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Mendocino County's famed Skunk Train will resume operations from Willits on Wednesday, four months after a tunnel collapse near Fort Bragg largely closed the historic railroad.

General Manager Robert Pinoli said the tunnel was clear enough by Tuesday to send equipment to the eastern end of the line. Trains will resume their normal runs from Willits to the midway point, known as Northspur.

It will be at least two more weeks until operation resume from the Fort Bragg headquarters to Northspur, he said. In the meantime, the train will continue to offer a short trip from Fort Bragg, just a few miles through the woods west of the tunnel.

"We still have more work to do in the tunnel: more bolts to put in, more metal mesh, more shotcrete" to shore up the collapse site, he said.

The 120-year-old tunnel collapsed unexpectedly in April, dumping tons of rock on the tracks just a few miles east of Fort Bragg. Engineers still cannot explain why it collapsed, he said.

All of the railroad's equipment was in Fort Bragg at the time, cutting it off from the Willits end of the line.

Tourism officials say the Skunk Train, a historic logging and passenger railroad, is the largest tourist attraction in the county other than parks. They had worried the rail line might be forced to close after Pinoli said the company had no money to clear out the tunnel.

Restoring service from Willits "is awesome news," said Scott Schneider, president and CEO of Visit Mendocino County. "It really brings the Skunk Train back from just being a costal attraction to a county-wide attraction. We're thrilled."

He said it is impossible to say how much the partial shutdown of the railroad had cost area tourism businesses, though it was clearly something.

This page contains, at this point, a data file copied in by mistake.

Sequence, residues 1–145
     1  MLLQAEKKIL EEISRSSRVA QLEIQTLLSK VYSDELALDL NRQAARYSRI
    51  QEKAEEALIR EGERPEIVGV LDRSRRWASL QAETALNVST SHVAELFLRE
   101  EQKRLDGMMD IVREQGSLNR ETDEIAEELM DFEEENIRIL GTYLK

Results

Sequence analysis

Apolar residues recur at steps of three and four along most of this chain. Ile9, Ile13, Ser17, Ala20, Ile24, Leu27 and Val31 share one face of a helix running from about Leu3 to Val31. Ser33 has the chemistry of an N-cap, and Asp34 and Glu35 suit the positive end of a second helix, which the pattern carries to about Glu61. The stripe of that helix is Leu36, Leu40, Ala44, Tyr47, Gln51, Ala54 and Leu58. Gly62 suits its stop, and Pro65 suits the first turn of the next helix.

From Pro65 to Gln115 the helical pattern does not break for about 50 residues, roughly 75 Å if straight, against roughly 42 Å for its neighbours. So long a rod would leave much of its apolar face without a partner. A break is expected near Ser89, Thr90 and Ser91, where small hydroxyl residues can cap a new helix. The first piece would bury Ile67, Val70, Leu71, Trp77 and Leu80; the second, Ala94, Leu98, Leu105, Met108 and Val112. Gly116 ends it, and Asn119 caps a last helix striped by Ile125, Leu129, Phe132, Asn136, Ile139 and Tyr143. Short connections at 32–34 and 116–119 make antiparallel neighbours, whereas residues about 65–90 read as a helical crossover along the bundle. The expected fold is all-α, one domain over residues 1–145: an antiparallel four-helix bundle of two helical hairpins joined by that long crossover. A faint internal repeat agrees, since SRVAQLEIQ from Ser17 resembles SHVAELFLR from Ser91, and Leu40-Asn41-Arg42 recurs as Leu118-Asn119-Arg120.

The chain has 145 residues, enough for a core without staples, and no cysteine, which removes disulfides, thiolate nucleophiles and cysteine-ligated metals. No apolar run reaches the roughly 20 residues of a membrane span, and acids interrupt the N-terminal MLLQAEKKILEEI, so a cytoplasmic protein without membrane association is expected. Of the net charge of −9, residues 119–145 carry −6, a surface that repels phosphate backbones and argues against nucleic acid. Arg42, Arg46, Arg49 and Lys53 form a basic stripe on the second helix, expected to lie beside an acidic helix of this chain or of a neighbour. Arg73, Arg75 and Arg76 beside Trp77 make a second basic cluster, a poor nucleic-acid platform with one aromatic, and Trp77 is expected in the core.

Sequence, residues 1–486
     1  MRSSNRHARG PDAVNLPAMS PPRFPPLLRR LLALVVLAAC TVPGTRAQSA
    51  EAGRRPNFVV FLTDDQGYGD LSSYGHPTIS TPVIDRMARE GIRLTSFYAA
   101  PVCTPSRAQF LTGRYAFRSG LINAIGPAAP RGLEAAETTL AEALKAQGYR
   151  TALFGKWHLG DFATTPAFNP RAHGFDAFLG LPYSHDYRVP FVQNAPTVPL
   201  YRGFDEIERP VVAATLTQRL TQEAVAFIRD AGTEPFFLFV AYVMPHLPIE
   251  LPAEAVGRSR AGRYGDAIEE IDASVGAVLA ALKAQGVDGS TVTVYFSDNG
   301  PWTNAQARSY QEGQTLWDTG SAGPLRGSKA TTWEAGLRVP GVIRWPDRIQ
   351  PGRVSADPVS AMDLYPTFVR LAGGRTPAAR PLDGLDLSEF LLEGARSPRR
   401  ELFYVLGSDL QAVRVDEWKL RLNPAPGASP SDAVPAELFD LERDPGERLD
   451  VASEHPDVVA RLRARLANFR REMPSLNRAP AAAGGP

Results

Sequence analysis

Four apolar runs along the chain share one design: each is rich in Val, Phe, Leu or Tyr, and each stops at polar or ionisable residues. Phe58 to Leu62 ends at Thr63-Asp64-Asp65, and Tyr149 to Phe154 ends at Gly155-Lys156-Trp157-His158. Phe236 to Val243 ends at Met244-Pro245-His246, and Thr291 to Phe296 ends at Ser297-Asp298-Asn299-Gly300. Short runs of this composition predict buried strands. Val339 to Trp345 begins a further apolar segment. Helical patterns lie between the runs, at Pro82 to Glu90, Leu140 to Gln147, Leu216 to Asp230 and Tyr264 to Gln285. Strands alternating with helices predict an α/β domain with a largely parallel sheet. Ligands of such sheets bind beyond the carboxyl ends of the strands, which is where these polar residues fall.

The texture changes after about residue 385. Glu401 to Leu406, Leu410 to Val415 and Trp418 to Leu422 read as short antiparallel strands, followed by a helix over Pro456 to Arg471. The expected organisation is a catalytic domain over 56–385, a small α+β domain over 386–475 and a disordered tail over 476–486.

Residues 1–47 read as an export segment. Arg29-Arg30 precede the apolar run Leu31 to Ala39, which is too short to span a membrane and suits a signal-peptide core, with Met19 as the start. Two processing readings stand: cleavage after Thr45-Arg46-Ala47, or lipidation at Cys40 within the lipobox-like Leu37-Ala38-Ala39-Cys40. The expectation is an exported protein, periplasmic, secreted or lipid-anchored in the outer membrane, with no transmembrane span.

As recently as six weeks ago, the attraction's future remained in doubt. A public fundraising effort in May and June brought in only about $110,000 toward the cleanup, expected to cost at least $300,000. In mid-June, however, San Francisco-based conservation group Save the Redwoods League stepped in to fund the cleanup, paying $300,000 for an option to buy some or all of the tree-lined 40-mile right of way between Fort Bragg and Willits.

The group expects to take about a year to decide whether to buy a conservation easement to protect the trees, or to buy the right-of-way outright, leasing back the tracks themselves to the Skunk Train.

Pinoli said the final tunnel cleanup will just about eat up all the money raised this summer. The work took almost a month longer than Pinoli had hoped, meaning the rail line will miss out on almost all of the lucrative summer season.

"July and August are pretty much past us, with school starting so early," he said, "but what are you going to do?"

At least, he said, the railroad did not have to lay off employees because of the curtailed service.

The railroad intends to continue offering the short ride west of the tunnel, at least in the summer season, even after full service is restored, Pinoli said. After customers got over their disappointment at finding the full line closed this season, they reported they enjoyed the short ride, which takes about two hours round trip.

He also expects to maintain the year-long and lifetime pass system, which the railroad created as part of its fundraising efforts in the spring.